This was my covid shut down (part 1) project. Looks like we’re headed back to another shelter in place… time to start brainstorming for shut down part 2 projects!
I had a 3 tap keezer, and with one tap always dedicated to a hazy IPA, one to a kettle sour for my wife, and one for a nitro stout… I didn’t have much room to brew much outside the realm of our 3 favorite styles.
Here’s the old guy, who was sold off a while ago. Just your standard keezer.
So, wanting to brew lagers, pilsners, west coast IPAs, have sparkling water and soda… I decided to upgrade.
Here’s the build!
First, acquire the thing that you’re gonna put your kegs in. You can do a freezer or a fridge, either works. Just need a temp controller if you go freezer route, like I did.
I found this beauty on Craigslist locally. I spent about a month scouring the internet looking for a deal, and eventually found this for $200. It was in pristine shape, the old owner told me it was only ever used to store vacuum sealed fish – he was a fisherman and would go on a few trips per year, and use it store his haul. Nothing fishy about that!
But for real, I did a sniff test when they told me… no smell.
This is a early 2010s Frigidaire upright freezer, about 20 cubic feet.
You can go the upright route like I did, or go chest freezer like many others you’ll see on the internet. I went upright because as we all know, chest freezers were 6 months backordered and price gouged during the early days of Covid.
Next up, build a shelf and start lining up where the taps will go.
From left to right:
- Sizing up two of the kegs I have to guestimate how much I can fit.
- Built a shelf for top and bottom levels.
- Measured up where the holes will go, evenly space, and the big rectangle to accomodate for my larger tap handle clearance.
Next up, drill your holes. But be careful! Very glad I took my time doing this.
If you look at the front of the fridge, you see the control panel at the top middle. Gotta have wires somewhere right? Looking at the bottom of the door, it enters from the base, just next to the hinge. My hope was that it went vertical all the way, then horizontal across to the panel… But I found out it didn’t do as I hoped.
Pro tip: Chip away at the insulation with a screw driver very gently, and make sure you get clearance all the way to the metal fridge door before you take your hole saw to it.
The wires came up directly in the path of one of my tap holes. If you look at the yellow wire, I actually hit the insulation and chipped into the wire. As far as I could tell, the copper was still good.
Nothing a little liquid electrical tape couldn’t fix! I lathered it up, then filled the hole back in with spray insulation.
Course Correction: Shift the holes 1″ to the side!
You can see the actual holes compared to the planned. All clear!
As I moved forward with the holes, I waited for all the extra faucets, fittings, hardware to show up.
At first, I had a piece of pink insulation on the back of the faucets, but after the hardware arrive I found out that it wasn’t sturdy enough to keep everything snug.
Fast Forward A Little
I know I’ve skipped a little, but didn’t get many pics of the install between these two points. From left to right:
- I shoved a vertical 2×4 snug between the top of the shelf and the ceiling of the inside. This allowed me drill and mount stuff on the wood without drilling the inside of the freezer. You can see my beergas tank for my stout which goes to the far right faucet, and my old 5lb co2 tank, which is now a 20lb tank. I i have a 6 way gas distribution manifold, and 5 of them go down to the bottom, and one stays at the top. The regulator has two gauges, one feeds the manifold, and the other feeds a single keg for either high pressure soda/water or force carbing.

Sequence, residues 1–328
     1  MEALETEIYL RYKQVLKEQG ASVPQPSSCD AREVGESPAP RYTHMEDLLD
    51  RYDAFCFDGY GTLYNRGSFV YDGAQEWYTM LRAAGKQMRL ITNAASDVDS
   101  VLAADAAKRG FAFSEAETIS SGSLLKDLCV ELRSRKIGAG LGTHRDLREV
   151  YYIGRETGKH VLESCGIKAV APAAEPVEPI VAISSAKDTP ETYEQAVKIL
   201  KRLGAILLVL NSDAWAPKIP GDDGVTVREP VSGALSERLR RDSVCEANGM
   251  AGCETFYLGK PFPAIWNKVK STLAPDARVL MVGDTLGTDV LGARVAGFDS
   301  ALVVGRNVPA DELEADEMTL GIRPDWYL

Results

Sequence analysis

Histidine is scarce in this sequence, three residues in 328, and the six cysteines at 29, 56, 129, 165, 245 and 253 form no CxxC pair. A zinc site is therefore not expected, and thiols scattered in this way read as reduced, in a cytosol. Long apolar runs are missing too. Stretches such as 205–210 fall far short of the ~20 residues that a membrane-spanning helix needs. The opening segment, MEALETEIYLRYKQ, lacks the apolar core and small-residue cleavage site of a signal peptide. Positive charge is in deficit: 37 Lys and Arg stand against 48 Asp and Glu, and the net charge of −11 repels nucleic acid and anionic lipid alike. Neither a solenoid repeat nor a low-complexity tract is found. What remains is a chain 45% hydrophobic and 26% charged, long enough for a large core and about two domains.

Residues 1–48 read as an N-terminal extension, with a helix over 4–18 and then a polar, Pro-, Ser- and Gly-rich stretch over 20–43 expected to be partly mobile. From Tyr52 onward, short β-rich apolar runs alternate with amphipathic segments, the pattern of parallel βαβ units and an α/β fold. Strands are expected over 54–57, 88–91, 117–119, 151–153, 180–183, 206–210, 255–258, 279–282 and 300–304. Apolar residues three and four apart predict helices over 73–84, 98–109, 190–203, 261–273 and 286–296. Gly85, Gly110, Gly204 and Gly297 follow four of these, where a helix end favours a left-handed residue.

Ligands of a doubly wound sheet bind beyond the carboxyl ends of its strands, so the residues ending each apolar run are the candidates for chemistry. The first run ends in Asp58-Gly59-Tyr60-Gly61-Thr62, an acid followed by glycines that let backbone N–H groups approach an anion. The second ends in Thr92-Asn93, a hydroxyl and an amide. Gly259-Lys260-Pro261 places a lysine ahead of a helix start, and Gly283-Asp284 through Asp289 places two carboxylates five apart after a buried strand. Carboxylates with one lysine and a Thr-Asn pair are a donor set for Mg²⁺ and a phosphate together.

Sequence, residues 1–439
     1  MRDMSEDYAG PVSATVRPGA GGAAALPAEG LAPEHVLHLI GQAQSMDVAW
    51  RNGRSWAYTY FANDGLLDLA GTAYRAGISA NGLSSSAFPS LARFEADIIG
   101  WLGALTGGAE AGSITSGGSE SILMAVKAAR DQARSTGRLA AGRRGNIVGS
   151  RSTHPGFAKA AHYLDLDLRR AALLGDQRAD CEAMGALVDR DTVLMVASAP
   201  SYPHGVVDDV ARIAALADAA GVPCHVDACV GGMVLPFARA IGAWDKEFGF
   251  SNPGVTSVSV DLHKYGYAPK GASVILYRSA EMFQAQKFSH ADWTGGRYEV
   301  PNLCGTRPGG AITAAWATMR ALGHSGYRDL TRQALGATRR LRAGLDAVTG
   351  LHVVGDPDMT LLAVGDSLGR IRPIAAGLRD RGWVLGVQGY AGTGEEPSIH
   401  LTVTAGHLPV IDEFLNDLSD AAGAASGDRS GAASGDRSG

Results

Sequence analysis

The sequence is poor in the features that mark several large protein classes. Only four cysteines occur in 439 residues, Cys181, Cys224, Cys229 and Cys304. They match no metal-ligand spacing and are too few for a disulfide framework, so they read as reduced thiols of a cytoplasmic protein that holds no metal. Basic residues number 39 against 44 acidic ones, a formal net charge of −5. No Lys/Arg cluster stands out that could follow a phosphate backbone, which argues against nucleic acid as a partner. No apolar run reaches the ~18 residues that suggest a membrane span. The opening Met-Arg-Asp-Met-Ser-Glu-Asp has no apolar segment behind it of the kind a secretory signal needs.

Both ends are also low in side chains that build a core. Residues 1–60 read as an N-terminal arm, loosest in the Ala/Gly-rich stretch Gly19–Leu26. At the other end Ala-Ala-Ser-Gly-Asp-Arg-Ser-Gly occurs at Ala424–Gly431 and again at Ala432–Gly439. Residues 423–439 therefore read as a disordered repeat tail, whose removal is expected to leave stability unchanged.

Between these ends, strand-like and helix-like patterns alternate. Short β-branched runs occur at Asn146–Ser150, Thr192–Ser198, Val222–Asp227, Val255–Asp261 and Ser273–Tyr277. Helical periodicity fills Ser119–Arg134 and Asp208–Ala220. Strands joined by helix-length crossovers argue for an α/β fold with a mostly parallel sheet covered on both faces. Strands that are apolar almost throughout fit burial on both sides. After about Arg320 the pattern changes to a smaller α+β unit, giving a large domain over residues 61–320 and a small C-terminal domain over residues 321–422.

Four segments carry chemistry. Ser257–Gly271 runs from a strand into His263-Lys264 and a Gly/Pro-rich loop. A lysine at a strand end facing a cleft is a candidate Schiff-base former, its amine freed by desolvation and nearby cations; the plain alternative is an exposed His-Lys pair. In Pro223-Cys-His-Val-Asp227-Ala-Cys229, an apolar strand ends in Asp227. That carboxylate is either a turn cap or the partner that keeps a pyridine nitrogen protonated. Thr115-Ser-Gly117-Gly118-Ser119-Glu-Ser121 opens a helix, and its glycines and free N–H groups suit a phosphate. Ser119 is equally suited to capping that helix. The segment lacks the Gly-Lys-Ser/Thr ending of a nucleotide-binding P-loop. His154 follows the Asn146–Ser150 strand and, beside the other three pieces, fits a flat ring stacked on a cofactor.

- You can see I’ve replaced the pink stuff with a piece of wood. Much better. Gas lines fed. Highly recommend EVABarrier lines with duotight fitting. Made life EASY. Cleaning is also a breeze.
- 7/8 faucets installed. Last one got delayed for some reason.
All said on done!
A final pic from the front, and inside when it’s fully loaded with kegs. I was able to keep some of the shelving with is jam packed with hops and yeast currently.
6 months later, I’ve still not gotten all 8 taps flowing at once. I’ve been close with 6 of 8, but at least it allows me to put new kegs in and leave kicked kegs for a little while until I get around to cleaning them.
Parts List & Cost
Just a quick note: I re-used some things from the older Keezer build, like my stout faucet, shank, a few tap handles, a couple of kegs, and misc. hardware. What I’ll do is list everything as if it was basic faucets and pretend like you’re going to build an 8 tap with no Nitro tap. That really ups the price. So let’s pretend its 8 regular co2 taps.
|Intertap Bottle Filler||$7||1||$7||Brewhardware.com|
|Gas Line/Fittings Kit||$10||8||$80||Brewhardware.com|
|Beer Line/Fittings Kit||$12||8||$96||Brewhardware.com|
|6 way manifold||$62||1||$62||Brewhardware.com|
|Jumper (from regulator to manifold)||$6||1||$6||Brewhardware.com|
|CPU Fan-Air Circulation||$14||1||$14||Amazon|
The only discrepency between the parts list and my build like I mentioned – No Nitro tap. So this means you need a 7 way manifold, or a 2nd manifold that was a 2 way split for the force carb/soda pressures.
Also, this is a lot of money, but in reality, I had a lot of this stuff already. I had 5 kegs before this project. I had a bunch of gas and beer line fittings and hardware too. I’d say I was just around $900 at time of build if you count the stuff I reused.
Also, can’t speak enough to the simplicity of the EVABarrier kits offered by bobby at brewhardware. Takes all the complexity of figuring out the hardware you need to figure out – Disconnects, tubing, beer nuts, connectors, scotchlocks, couplings, etc. Kidding about a few of those things.
Hope this gives some inspiration on building your kegerator!